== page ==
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THE INVESTOR
June 13, 2021

Market Now

[Feature] Not just window shopping: Young generation dives into art market

  • PUBLISHED :March 30, 2021 - 17:59
  • UPDATED :March 30, 2021 - 17:59
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Visitors at the annual art festival Galleries Art Fair 2020 look at art pieces by visual artist Julian Opie. (Galleries Association of Korea)

Appreciating artworks at galleries or exhibitions has been a pure joy for Jeong Hye-young, a 35-year-old office worker in Seoul, not just for finding peace of mind from stress-filled work but also because she sees their rising price value.

“I don’t think art is only for the rich. After starting to buy paintings, I feel like I know more about the artists and truly enjoy the artworks,“ said Jeong who has been collecting paintings by contemporary artists including Oh Chi-gyun, best known for his hand-painted “fingerworks.”

“Price values of paintings increasing is also an appealing factor of collecting arts that it can be considered as an investment, not just as a subject of appreciation,” said Jeong.

Jeong is among a growing number of people, especially those in their 20s and 30s, investing in art.

At an auction held on March 23, local auctioneer Seoul Auction sold 95 percent of 146 paintings, prints and sculptures worth 10.4 billion won ($9.2 million) in winning price combined.

“Many bidders participating in the auction were those in their 20s and 30s,” the auction company said declining to give numbers, citing protection of personal information.

The growing interests in art investment comes in line with the South Korean art market entering a new golden era that went through a long period of depression since its previous heyday between 2005 and 2007.

Art pieces by domestic master artists, including the late Kim Tschang-yeul, has been hitting new highs in value with exploding demand, according to a recent report by art appraisal firm Korea Art Authentication & Appraisal Research Center.

Not only in South Korea but also in major markets in Asia, art investment has been prevailing in times of ultralow interest rates and high liquidity.

A report released by investment bank UBS early in March showed that art broker Sotheby’s reported strong sales in Asia in 2020 with auction sales reaching $932 million. Among other age groups, millennials were more willing to purchase at higher prices online.

Of 2,569 rich collectors around the world surveyed in the report, 56 percent were those belonging to the so-called Generation MZ, depicting people born from the early 1980s to the early 2000s. The millennials, in particular, spent an average of $228,000 to purchase artworks, and 30 percent of the millennial investors spent more than $1 million.

The rising popularity of art investment can be attributed to online platforms that facilitates online auctions and new type of art investment such as co-sharing, like investing in fractional shares, according to market watchers. But investors are drawn to arts because it raises hopes for stable financial returns rather than investing in stocks or cryptocurrency.

“Investing in real estate requires a lump sum of money while cryptocurrency is highly risky,” said Song Ja-ho, CEO of art co-sharing platform operator Pica Project. “Those young collectors seem to think art is something special as they can own and enjoy while they can get some financial gain from it,” he added.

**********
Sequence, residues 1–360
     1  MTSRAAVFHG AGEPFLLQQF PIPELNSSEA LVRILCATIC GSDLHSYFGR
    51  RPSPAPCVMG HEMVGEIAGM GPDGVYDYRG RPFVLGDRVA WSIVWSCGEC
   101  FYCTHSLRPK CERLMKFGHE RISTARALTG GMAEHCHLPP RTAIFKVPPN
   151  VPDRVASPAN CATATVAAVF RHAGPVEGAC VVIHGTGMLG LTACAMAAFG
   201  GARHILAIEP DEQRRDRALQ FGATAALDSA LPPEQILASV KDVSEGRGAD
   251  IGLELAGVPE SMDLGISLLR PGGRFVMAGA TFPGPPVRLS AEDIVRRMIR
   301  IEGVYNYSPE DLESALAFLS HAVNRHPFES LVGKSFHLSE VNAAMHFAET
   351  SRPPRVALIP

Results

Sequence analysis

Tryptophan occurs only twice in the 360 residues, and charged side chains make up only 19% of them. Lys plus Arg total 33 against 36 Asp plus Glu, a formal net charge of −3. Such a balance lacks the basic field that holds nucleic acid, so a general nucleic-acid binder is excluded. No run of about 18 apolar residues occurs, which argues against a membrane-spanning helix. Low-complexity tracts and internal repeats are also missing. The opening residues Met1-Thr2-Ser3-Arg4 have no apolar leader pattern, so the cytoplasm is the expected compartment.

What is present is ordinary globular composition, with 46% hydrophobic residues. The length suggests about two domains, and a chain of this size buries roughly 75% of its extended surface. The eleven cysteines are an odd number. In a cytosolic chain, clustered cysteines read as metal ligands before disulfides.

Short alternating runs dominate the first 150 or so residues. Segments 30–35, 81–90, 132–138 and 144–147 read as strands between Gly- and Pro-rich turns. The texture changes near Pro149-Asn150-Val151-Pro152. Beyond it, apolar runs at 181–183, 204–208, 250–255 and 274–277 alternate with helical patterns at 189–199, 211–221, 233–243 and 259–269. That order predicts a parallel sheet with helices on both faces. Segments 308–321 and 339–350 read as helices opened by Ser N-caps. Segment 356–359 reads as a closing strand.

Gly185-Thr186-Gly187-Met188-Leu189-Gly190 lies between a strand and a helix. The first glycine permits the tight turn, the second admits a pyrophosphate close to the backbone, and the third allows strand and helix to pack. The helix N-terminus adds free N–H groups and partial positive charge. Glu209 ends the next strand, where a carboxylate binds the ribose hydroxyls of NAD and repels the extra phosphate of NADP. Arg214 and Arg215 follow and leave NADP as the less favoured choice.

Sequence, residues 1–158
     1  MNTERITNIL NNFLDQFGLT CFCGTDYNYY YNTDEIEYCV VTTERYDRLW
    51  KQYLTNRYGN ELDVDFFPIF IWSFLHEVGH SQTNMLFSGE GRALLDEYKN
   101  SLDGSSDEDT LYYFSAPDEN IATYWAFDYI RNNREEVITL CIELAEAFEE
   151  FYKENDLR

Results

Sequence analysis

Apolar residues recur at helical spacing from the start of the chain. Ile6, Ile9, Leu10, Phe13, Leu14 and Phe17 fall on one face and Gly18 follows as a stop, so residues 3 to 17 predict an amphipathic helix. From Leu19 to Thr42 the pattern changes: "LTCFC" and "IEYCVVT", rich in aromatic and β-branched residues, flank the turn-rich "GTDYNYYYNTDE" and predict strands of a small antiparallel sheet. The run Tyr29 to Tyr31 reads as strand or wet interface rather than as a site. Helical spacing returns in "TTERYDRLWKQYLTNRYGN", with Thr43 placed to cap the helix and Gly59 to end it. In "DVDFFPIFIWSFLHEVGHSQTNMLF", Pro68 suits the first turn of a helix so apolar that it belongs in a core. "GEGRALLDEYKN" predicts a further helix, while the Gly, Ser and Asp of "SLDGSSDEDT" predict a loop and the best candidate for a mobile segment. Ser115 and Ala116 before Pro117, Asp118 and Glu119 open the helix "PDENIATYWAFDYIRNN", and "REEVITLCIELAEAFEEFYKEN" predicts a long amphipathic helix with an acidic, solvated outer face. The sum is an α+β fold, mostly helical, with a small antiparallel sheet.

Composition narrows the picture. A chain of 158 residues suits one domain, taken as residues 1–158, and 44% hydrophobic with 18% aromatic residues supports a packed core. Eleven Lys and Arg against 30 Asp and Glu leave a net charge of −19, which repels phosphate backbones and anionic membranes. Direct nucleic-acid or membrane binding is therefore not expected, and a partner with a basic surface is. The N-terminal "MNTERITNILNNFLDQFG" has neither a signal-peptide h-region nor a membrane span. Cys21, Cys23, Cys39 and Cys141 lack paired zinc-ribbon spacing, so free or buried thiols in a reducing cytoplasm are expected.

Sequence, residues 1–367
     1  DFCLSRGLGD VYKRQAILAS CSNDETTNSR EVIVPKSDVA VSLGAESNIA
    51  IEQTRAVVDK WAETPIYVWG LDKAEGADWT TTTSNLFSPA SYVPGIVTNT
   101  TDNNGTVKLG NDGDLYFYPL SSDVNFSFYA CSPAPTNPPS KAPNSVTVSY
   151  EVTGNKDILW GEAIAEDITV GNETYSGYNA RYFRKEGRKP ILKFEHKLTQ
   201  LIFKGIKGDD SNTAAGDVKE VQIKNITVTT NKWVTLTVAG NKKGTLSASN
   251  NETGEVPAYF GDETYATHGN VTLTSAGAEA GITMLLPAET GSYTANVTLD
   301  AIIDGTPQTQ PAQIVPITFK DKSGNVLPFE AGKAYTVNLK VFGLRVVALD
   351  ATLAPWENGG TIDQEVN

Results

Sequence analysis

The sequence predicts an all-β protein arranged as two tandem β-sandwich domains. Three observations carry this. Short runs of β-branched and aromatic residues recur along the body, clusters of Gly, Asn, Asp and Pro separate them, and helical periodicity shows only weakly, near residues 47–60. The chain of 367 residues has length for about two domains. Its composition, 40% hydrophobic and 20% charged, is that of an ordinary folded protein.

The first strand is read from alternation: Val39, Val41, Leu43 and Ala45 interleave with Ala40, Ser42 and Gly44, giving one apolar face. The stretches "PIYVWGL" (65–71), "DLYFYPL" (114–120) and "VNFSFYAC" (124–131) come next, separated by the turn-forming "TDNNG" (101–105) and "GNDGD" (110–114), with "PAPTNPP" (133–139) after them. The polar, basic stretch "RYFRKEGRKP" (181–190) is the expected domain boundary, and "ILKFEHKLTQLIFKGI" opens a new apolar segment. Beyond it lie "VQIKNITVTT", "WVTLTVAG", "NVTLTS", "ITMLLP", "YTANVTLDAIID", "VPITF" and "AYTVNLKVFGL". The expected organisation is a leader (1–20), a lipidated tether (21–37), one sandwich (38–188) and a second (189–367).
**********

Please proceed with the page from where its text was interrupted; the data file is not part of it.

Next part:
Another merit of investing in art in Korea is that it is somewhat free from taxation. Buyers of any artwork sold at 60 million won or less is exempted from paying tax. For artworks priced over 60 million, 20 percent of income tax is imposed only on 10 percent of the selling price. Trading of artworks by living artists do not incur any tax.


Art, tokenized

On the Pica Project platform, people can jointly own an expensive masterpiece with as little as 10,000 won. After being displayed at a gallery run by the firm for a while, the artwork is later sold at a premium, and the proceeds are distributed among investors proportionally.

Young art collectors also venture to invest in something new, such as nonfungible token, a digital asset that can contain drawings, animated GIFs, and songs. NFTs have been sweeping the conventional art industry as well as cryptocurrency market as some of tokenized paintings are sold for millions of dollars. Riding on the NFT fad, ”Missing and Found,“ a NFT-based digital artwork featuring a big-eyed girl with heavy makeup created by South Korean artist Mari Kim, was sold for 607 million won ($535,250) in a Pica Project auction this month. The digital image, whose starting price was 50 million won, was paid for in Ethereum, a type of cryptocurrency as well known as bitcoin. It is speculated that the buyer is a young tech-savvy art investor.

Although the increasing interest toward art is good for the industry, some market watchers say novice art collectors first try to develop an eye for great pieces via extensive research and observation of news and trends.

“Fledgling buyers should think twice before they make decisions to collect art pieces, and they should not be easily swayed by others’ opinions when picking an art piece,” said Yoon Bo-hyung, a lawyer and author of an art collecting guidebook titled, ”I choose artworks over Chanel bags.“

“If you are not so sure about whether to buy a certain art piece or not, then do more research and find something which makes you feel ‘this is it … this is mine,’” she added.

By Kim Young-won (wone0102@heraldcorp.com)

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